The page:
HARTFORD, Conn. (Legal Newsline) – The Connecticut Supreme Court on April 11 affirmed a lower appellate court’s ruling that a patient’s amended claim that a doctor botched a spinal surgery through improper use of a surgical instrument related back to a previous claim alleging negligent use of a different instrument.
The high court’s ruling clarified the “relation back” doctrine, which means an amended pleading may relate back to the time when the original pleading was filed, as it applies to medical malpractice cases.
The initial complaint filed by patient Donald Briere accused Dr. David Kruger and his practice, Greater Hartford Orthopedic Group PC, of medical malpractice after a spinal surgery left him permanently weak in all four limbs. In the initial complaint, the plaintiff alleged Kruger caused the injury with the improper use of a skull clamp.
After an eyewitness testified that the alleged injury was the result of the improper use of a retractor blade, the plaintiff sought to amend the claim. The lower court found that the amended claim arose out of the same original negligence claim, which was upheld by the Supreme Court.
The justices determined that the amended negligence claim must fall within the scope of the original cause of action, or the event underpinning the plaintiff’s legal claim. It is up to the trial court to make a case-by-case determination regarding what makes up the original cause of action.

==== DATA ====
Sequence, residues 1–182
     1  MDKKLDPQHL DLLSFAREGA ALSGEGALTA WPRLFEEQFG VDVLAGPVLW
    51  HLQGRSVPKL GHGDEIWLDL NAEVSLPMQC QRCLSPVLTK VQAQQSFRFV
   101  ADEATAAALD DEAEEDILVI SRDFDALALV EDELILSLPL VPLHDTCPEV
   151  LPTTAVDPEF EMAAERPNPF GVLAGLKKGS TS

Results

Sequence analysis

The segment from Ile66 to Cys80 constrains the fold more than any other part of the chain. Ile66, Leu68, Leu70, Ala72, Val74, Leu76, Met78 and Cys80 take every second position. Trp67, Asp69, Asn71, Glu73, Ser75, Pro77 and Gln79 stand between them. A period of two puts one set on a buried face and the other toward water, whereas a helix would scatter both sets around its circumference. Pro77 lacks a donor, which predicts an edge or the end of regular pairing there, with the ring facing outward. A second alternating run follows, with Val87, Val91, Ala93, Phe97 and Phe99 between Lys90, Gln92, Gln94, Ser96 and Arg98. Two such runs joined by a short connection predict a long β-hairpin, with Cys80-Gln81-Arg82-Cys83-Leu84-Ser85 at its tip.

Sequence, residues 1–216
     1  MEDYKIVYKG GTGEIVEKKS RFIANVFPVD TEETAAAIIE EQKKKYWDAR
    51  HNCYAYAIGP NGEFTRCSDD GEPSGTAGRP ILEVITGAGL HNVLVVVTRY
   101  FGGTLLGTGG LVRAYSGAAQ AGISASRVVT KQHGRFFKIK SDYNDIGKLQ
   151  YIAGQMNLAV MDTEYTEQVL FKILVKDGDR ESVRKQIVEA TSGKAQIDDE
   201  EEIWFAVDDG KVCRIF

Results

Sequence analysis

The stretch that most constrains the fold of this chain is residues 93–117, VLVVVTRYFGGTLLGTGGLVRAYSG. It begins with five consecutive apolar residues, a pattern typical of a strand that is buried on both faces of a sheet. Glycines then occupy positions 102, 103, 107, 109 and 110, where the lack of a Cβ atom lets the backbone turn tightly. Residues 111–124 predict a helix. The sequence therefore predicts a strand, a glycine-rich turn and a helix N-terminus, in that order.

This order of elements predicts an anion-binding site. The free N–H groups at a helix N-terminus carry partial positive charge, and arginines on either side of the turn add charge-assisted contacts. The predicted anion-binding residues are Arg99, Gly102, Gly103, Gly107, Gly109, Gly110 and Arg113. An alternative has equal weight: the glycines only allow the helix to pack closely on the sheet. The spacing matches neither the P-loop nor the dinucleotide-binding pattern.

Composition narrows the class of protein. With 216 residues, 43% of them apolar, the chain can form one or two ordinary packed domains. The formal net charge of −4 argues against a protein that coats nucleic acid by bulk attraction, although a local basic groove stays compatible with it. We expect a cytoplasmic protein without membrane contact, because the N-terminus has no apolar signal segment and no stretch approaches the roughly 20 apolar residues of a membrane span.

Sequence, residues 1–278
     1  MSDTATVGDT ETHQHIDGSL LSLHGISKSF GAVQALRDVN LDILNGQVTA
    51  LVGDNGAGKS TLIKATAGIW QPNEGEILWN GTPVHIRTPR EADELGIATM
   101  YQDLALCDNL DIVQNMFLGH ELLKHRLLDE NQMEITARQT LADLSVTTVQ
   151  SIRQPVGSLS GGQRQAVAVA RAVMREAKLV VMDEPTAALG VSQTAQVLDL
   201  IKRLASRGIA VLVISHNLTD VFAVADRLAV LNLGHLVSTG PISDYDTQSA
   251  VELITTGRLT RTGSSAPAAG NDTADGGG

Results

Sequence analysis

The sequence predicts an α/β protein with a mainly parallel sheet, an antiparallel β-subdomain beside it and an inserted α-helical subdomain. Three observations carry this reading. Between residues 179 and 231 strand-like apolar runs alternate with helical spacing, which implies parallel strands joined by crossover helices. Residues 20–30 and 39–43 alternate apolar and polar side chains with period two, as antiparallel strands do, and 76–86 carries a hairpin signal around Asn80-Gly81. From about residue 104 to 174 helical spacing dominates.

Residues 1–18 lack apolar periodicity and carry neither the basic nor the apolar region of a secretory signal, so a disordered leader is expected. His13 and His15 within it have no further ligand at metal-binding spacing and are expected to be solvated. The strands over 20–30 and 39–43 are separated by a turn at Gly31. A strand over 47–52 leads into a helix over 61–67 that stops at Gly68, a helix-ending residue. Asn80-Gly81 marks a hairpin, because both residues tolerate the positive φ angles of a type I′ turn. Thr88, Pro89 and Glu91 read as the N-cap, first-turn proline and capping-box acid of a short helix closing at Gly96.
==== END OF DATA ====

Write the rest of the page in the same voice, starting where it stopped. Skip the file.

“In making such a determination, the trial court must not view the allegations so narrowly that any amendment changing or enhancing the original allegations would be deemed to constitute a different cause of action,” the high court wrote in a 12-page opinion.
“But the trial court also must not generalize so far from the specific allegations that the cause of action ceases to pertain to a specific transaction or occurrence between the parties that was identified in the original complaint.”
When the defense filed a motion to limit proceedings to the original claim that the injury was caused by a skull camp instead of a retractor blade, the justices determined that the original cause of action is a claim that Kruger negligently performed spinal surgery on Briere through the use of medical instruments solely controlled by the doctor.
“The retractor blade allegations do not contradict the theory that Kruger improperly used medical instruments during surgery,” the court said. “Instead, they constitute a change in and addition to an act of negligence, which is permitted under the relation back doctrine.”